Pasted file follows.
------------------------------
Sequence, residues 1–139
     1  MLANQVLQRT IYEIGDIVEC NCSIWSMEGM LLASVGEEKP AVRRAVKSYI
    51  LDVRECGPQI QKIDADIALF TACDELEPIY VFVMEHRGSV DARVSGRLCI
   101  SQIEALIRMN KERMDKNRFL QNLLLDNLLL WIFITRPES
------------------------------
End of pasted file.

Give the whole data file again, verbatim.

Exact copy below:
Sequence, residues 1–139
     1  MLANQVLQRT IYEIGDIVEC NCSIWSMEGM LLASVGEEKP AVRRAVKSYI
    51  LDVRECGPQI QKIDADIALF TACDELEPIY VFVMEHRGSV DARVSGRLCI
   101  SQIEALIRMN KERMDKNRFL QNLLLDNLLL WIFITRPES